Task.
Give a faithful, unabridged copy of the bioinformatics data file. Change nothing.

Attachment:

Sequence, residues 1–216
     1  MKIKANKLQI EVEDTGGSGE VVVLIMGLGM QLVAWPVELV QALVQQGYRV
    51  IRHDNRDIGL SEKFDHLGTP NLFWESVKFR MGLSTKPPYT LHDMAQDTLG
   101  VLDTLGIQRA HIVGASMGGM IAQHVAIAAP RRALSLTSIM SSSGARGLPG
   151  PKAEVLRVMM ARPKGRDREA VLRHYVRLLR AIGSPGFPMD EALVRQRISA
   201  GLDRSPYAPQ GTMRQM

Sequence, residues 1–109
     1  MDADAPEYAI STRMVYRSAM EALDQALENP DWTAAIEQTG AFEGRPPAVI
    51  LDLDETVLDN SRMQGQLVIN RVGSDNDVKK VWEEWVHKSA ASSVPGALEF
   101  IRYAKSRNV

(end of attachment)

Sequence, residues 1–216
     1  MKIKANKLQI EVEDTGGSGE VVVLIMGLGM QLVAWPVELV QALVQQGYRV
    51  IRHDNRDIGL SEKFDHLGTP NLFWESVKFR MGLSTKPPYT LHDMAQDTLG
   101  VLDTLGIQRA HIVGASMGGM IAQHVAIAAP RRALSLTSIM SSSGARGLPG
   151  PKAEVLRVMM ARPKGRDREA VLRHYVRLLR AIGSPGFPMD EALVRQRISA
   201  GLDRSPYAPQ GTMRQM

Sequence, residues 1–109
     1  MDADAPEYAI STRMVYRSAM EALDQALENP DWTAAIEQTG AFEGRPPAVI
    51  LDLDETVLDN SRMQGQLVIN RVGSDNDVKK VWEEWVHKSA ASSVPGALEF
   101  IRYAKSRNV